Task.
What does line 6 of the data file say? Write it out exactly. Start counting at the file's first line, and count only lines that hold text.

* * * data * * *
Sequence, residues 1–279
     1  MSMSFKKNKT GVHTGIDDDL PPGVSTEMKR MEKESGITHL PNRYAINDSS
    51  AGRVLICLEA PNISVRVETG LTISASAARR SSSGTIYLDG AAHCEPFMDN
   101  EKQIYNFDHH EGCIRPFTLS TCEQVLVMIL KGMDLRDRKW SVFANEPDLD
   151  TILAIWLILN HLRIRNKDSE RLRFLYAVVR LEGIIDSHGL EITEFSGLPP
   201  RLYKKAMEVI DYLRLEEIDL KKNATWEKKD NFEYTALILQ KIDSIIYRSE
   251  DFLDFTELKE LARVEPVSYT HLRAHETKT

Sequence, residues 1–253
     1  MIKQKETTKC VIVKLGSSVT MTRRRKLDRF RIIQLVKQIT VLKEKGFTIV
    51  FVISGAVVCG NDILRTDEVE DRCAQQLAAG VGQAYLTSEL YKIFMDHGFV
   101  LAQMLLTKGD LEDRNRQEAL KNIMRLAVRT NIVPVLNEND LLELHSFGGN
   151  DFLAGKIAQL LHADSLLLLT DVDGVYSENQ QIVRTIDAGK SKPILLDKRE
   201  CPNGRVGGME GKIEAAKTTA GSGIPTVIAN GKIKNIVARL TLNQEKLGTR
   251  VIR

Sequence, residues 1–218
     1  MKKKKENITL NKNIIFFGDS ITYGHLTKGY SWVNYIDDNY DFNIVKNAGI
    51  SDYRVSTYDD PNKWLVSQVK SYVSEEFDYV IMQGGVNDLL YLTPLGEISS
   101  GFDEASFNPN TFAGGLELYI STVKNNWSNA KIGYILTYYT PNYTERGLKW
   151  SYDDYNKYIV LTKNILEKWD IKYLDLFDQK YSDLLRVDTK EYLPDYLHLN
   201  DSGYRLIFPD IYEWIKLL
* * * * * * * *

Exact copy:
   201  RLYKKAMEVI DYLRLEEIDL KKNATWEKKD NFEYTALILQ KIDSIIYRSE